J. Kenji López-Alt blah

Beijing: The Best Way to Order Food in China

Location: Beijing, China

After a long day of hiking on the Great Wall, Adri and I weren't in the mood to do anything fancy for dinner, so we took a walk down the street and employed the basic rule that has yet to fail to lead us to something delicious: if you see an alley with smoke or steam coming out of it, investigate. Our investigations led us to a smallish restaurant filled with mostly men, loudly cheering each other with glasses of the cheap Yanjing beer they serve everywhere for about 5 RMB for a half liter bottle (that's about 80¢), picking at plates of dumplings and noodles, along with miniature woks emitting clouds of delicious steam. They were set on top of tabletop racks filled with hot coals.

Want to know the secret to eating well and cheap in China without having to speak a lick of Chinese?

Walk into any loud, raucous restaurant, look for the table that looks like its having the most fun (in this case it was easy, as one table yelled a toast at us as soon as we walked into the joint), point at what they're eating, and point at your belly.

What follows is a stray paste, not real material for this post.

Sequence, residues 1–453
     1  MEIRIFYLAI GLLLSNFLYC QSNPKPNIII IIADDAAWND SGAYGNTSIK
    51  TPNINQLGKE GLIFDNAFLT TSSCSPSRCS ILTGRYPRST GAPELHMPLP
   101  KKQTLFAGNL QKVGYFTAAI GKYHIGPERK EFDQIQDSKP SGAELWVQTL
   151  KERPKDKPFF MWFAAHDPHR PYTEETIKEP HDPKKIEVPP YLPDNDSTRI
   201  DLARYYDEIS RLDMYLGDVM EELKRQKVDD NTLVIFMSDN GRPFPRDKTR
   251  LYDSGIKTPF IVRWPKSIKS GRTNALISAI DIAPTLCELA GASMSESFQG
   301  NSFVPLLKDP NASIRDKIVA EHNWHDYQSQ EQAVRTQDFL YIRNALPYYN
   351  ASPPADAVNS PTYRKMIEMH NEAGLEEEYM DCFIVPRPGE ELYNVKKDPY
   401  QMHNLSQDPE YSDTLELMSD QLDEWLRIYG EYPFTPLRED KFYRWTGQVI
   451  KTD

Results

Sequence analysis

That's how we ended up with two giant beers and a bowl of perfectly respectable zha jiang mian on our table.


It wasn't quite as fancy or tasty as the version we had at the Peking duck restaurant a couple nights before, and it was a little skimpy on its selection of toppings (just cucumber, watermelon radish, and a meat-free bean paste), but the noodles were fresh-made, and we weren't complaining.


Looks good, right?


Next up was something I would have never thought to order (nor would I have recognized it on a Chinese-only menu), but it was fan-freaking-tastic. Chunks of bone-in deep-fried chicken cooked with dried chilies and fermented bean paste, along with fresh green hot capsicum and crunchy celery. It vaguely resembled the Sichuan dish of la zi ji (spicy deep fried chicken), and perhaps was the restaurant's interpretation of the dish.

We picked through the bits of chicken, sucking off bits of crisp skin and tender spiced meat and discovered that the bottom of the wok was filled with thinly sliced onions—oniosn that had been slowly caramelizing over the coal fire the wok was set on, all while absorbing the juices from the meat and vegetables above. Delicious.


Last up was these finger-shaped dumplings, which in many ways resembled the huo shao we'd eaten a few days before, except these had sealed ends. All the better for trapping in delicious juices. These were the first dumplings we had in China that came with no sauce for dipping, which was quite alright, as their pork and leek fillings were heavily-seasoned with vinegar and soy, and juicier than you could hope for inside.

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